Granted, it was an unforgivably condescending thing to say, but the mortifying truth was that I really did likey the fluff ball, I likeyed it a lot. And I liked Michael. But I did not admire him. I would never do something like that, not to anyone, not even if I could. And because I liked him, I felt it was my duty to watch out for him, as if I would have done with my own kitten. Or maybe I should say, as I should have done on a tragic day long ago.  


The Day of Doom began routinely. Michael put fresh kibble in my plastic dish and ate his breakfast before checking the computer in his office. That was when all the commotion began. I heard objects flying as he cursed. “No, no, no, no,” he screamed again and again. I was tempted at first to hide, but this was Michael and I knew he would never hurt me. Maybe I could help, but when I sauntered into the office, he barely seemed to see me. He had his hands clamped over the sides of his face and he was gritting his teeth, and the whites of his eyes were mapped with veins. Then his cell phone began to ring and after answering he yelled  into the receiver in a way that made my fur stand on end. “Now everyone knows. My career is over,” he finally said. “Over. I will be lucky if I can dine in a public restaurant. Show my face in the street. I might even have to move.” As he hung up  the phone, I wondered what he had done. How desperately I wished then that I could speak, or I would have asked.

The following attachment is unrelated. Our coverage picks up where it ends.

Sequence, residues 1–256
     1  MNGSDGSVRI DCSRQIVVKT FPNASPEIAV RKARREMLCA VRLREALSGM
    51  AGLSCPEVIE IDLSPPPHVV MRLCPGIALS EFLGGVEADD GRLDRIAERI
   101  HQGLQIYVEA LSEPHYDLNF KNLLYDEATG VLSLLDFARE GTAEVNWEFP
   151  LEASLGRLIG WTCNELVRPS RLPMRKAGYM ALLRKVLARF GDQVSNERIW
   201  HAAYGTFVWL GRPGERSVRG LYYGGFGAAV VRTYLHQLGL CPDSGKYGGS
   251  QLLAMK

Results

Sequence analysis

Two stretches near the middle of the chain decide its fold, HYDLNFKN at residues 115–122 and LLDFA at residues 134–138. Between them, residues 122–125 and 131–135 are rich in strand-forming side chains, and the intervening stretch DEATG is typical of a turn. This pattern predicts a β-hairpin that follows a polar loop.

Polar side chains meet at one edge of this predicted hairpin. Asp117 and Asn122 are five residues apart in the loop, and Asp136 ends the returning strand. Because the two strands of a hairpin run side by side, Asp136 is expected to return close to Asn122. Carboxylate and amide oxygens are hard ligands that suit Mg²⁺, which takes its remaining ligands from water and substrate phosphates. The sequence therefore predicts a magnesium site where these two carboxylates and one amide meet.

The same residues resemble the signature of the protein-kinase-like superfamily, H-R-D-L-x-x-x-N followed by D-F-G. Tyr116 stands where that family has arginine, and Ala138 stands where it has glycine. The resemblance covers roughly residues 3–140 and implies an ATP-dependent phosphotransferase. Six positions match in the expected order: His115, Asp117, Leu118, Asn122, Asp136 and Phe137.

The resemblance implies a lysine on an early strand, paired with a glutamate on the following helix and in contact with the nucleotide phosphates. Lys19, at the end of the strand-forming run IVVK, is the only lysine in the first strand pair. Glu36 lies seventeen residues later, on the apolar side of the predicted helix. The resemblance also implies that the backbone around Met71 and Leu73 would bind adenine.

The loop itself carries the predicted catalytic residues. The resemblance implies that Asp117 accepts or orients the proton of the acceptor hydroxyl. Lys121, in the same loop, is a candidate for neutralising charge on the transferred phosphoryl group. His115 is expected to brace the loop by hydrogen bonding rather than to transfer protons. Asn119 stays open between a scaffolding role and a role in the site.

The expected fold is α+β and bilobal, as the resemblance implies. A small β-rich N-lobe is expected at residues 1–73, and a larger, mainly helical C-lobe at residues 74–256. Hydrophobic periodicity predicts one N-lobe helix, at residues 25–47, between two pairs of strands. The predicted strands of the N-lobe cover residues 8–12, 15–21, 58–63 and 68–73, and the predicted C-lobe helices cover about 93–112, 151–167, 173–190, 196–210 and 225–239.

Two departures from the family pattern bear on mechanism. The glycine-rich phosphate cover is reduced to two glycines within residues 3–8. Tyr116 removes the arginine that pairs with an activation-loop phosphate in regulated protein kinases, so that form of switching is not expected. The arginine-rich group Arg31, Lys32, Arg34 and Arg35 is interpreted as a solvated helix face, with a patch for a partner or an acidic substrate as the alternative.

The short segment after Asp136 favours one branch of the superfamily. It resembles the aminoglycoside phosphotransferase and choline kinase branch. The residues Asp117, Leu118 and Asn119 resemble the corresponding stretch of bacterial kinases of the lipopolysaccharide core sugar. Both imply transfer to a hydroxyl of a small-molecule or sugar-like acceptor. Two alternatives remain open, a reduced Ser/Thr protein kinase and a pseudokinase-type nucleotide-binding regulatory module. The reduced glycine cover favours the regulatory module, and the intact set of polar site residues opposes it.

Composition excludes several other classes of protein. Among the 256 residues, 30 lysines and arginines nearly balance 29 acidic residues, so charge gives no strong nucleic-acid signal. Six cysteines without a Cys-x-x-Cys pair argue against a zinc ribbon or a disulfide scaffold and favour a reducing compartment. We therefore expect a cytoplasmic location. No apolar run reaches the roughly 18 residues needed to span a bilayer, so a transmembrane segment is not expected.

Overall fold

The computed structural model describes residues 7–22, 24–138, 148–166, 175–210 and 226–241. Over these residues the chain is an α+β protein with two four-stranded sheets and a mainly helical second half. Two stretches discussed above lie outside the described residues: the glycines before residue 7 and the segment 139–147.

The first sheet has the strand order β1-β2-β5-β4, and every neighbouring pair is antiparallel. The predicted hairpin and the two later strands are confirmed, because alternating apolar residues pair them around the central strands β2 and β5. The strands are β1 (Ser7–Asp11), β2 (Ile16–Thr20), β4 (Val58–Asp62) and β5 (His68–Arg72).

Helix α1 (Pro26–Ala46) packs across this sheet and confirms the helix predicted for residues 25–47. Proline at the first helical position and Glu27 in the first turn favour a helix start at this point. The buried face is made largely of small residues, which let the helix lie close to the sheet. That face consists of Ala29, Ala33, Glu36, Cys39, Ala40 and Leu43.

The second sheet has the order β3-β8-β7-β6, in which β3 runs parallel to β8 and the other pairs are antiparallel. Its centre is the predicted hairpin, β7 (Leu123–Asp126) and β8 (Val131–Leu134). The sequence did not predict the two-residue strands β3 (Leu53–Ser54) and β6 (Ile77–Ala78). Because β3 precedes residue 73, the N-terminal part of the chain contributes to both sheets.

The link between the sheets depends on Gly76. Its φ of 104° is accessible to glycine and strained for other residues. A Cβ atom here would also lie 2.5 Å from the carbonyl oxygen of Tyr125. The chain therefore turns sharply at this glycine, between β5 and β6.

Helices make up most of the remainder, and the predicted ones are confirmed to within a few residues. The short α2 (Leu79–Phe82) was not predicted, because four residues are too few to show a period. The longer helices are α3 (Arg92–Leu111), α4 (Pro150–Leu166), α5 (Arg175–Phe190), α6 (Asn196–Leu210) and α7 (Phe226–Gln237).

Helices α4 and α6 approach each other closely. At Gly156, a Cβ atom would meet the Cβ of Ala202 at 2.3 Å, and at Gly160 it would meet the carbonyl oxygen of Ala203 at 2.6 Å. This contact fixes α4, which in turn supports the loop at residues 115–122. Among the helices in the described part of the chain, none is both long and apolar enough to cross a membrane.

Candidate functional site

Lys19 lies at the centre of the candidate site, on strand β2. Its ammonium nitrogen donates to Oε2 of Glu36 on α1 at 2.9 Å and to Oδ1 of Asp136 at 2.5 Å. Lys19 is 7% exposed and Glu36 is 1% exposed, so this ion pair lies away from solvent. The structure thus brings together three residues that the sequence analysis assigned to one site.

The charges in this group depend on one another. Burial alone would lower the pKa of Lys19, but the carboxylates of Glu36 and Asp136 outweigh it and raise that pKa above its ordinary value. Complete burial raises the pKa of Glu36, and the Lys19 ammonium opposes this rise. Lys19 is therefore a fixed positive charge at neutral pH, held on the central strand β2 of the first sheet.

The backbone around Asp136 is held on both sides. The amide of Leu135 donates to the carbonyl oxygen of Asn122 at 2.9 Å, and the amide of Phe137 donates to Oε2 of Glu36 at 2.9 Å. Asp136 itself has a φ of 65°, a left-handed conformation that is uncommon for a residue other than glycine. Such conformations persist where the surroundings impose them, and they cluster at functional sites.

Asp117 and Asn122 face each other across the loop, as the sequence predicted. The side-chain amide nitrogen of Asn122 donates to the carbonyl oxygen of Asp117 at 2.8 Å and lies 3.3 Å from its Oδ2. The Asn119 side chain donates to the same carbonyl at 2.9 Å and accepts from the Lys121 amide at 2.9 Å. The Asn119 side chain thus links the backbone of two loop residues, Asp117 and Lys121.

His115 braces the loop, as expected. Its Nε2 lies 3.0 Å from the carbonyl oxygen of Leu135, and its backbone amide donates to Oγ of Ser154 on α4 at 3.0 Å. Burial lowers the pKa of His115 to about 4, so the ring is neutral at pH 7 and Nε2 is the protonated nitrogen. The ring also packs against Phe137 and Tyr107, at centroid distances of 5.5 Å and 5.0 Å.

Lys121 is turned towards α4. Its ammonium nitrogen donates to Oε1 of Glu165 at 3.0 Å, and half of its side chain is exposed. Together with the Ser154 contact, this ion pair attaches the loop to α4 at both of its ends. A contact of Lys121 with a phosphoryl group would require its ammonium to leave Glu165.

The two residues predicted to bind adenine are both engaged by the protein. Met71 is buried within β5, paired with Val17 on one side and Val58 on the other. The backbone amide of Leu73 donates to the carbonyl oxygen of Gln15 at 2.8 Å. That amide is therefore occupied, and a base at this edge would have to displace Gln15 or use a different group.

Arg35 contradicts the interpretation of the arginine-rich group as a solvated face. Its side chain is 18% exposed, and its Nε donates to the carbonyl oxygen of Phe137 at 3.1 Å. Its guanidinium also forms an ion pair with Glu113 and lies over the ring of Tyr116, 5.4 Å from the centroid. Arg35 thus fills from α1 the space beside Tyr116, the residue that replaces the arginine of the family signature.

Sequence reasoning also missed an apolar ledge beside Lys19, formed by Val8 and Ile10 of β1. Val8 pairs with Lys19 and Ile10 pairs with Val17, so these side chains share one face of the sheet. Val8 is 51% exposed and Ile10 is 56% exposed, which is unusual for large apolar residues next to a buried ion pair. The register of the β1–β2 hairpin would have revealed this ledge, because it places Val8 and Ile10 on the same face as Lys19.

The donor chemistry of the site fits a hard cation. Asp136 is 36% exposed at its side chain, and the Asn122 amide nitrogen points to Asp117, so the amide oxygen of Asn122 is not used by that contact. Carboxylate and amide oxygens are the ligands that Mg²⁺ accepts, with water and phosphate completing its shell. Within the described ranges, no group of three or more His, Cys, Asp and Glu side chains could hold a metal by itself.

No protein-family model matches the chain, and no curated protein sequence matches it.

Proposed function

I had a wild, silly thought: I wondered if anyone had seen him decapitating a mouse. I was thinking strictly in terms of my own experience, of course. But why would I connect his experience to my own?  I have always chased mice as long as I can remember, especially when Michael and I used to live in a rented house close to the woods. And for the most part, I never felt any shame, regret, or guilt over it.   

And why should I? When I chase a mouse, I lose myself. I am all instinct. I yield to an altered state of heightened risk, heightened desire, and heightened pleasure. I stalk. I corner. My eyes rove from side to side, my head on a constant swivel, every sense sharpened, every cell of me awake. My nose twitches, my ears perk; I can smell the warmth of the shivering body; I can almost hear its tiny heartbeat. I chase. I corner. I entrap. And in the end, I triumph. I am a cat, a huntress, a killer, and I am good at what I do.   

Usually, just afterward, I feel an immense sense of pride and accomplishment. Except one time, when I lived at the rent house, as I was staring at the still, decapitated body of a black mouse, I had a chilling flash. For a moment, just a moment, the mouse transformed. It looked just like one of my two-week-old kittens who had died years ago after a dog had snapped its tiny neck with a bite. My kitten, too, had been black and so tiny, she had not even opened her eyes yet, and I had been unable to stop the dog. I had yowled, rushed at him with my claws, and hissed at him. I had managed to scare him away but the damage was already done. I had tried to revive her, to lick her awake, but there had been nothing I could do to bring her limp body back to life.